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FLOWERING BULBS - Tips for Success and Reasons for Failures
Jim Willmott, Camden County Agricultural Agent
Spring flowering bulbs bring abundant color to landscapes. A well-planned bulb garden offers a continuous sequence of color beginning in March when winter aconites, glory of the snow, and snowdrops appear. Then crocuses start with the smaller species which are more subtle in color than the bigger, bolder and more familiar hybrids. Soon after come the daffodils, which are much more diverse in size and color than that revealed in most American gardens. The bulb finale is dominated by tulips, which offer a rainbow of colors. Despite their delightful potential, spring bulbs often disappoint. Let's consider common reasons for landscape failure.
All garden plants have unique site requirements and bulbs are no exception. If species selection is compatible with site conditions, expect successful establishment and enduring performance as long as planting practices are correct. Be sure to plant at the recommended depth and in late summer or early fall. Finally, consider natural habitats when matching plants to suitable garden sites.
Ideally, a garden site should be similar to a plant's natural habitat. Daffodils, for example, originate in sunny mountain meadows where the soil is usually cool and damp from late autumn until spring. Tulips like it sunny, but warmer and drier. Other species like winter aconites, snowdrops and scilla like woodland sites where there is shade most of the year, and the soil is "humusy" and moist. The one common requirement for all bulbs is excellent soil drainage. Poor drainage favors rotting, which is one of the most significant causes of bulb failures.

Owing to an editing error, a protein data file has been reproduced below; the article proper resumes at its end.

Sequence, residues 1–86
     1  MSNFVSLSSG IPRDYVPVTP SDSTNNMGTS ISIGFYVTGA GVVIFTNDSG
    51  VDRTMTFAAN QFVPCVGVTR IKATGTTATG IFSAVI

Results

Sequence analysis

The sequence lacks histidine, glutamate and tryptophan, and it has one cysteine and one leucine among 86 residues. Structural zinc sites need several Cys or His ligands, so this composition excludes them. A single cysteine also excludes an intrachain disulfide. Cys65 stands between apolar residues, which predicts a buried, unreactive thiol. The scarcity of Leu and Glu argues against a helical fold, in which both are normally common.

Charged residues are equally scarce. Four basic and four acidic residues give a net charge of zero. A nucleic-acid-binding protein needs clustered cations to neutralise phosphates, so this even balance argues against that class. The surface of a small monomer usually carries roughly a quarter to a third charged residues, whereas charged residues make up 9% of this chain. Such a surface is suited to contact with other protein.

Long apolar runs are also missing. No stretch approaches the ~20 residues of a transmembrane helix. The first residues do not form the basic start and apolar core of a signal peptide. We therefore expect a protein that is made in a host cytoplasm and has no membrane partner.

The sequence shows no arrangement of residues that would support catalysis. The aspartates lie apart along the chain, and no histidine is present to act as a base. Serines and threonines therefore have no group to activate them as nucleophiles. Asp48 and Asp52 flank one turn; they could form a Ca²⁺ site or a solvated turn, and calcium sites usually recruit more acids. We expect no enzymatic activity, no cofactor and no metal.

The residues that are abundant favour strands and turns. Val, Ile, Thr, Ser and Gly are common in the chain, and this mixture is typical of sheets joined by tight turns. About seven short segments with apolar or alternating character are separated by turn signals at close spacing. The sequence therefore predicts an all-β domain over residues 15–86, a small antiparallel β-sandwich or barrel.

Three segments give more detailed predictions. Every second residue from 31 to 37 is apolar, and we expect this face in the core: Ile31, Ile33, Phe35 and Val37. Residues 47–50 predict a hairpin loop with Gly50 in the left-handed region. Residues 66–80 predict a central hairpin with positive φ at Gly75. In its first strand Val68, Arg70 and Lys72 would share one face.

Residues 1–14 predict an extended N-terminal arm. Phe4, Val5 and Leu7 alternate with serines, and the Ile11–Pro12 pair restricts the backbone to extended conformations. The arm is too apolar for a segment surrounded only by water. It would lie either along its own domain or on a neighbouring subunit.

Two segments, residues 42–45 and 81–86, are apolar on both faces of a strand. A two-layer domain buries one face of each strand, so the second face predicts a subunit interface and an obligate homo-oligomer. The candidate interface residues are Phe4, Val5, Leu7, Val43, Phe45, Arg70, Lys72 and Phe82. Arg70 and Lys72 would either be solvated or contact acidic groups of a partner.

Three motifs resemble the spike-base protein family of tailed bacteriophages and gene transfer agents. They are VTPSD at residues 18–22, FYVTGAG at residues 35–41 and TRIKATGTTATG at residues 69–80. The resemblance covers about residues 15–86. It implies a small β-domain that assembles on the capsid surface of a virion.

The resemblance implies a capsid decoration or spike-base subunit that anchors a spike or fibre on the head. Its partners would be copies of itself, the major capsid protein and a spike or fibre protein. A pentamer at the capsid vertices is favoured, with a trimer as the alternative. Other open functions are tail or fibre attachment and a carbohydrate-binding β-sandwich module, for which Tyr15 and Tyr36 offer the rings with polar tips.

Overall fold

Poor care can also cause problems. Over-watering some species like tulips and daffodils during the summer is often fatal. On the other hand, allowing winter aconites or scilla to dry during the summer can result in disappointment. Again, try to understand native site conditions and treat each species accordingly. New Jersey landscapes in sandy coastal areas including the pinelands need careful attention to irrigation, fertilization and liming. Dry soils and poor fertility can greatly limit bulb performance in these areas. Adding organic matter such as compost will help to stabilize soil moisture and nutrient levels. Be sure to mulch too. Another cultural mistake is removing foliage too soon. If it is allowed to yellow and wither before removal, foliage will produce additional carbohydrates to store as energy for next season's display. Finally, failure of new plantings is often due to poor storage and handling prior to planting or animal damage. Always purchase from reputable dealers and take measures to prevent damage from mice, squirrels and deer. Daffodils are the least likely to suffer animal damage.
Despite occasional failures, few garden plants offer the rewards of spring flowering bulbs. By understanding native habitats and correct planting techniques, they will brighten spring landscapes and help us recover from the dark and dreary days of winter.
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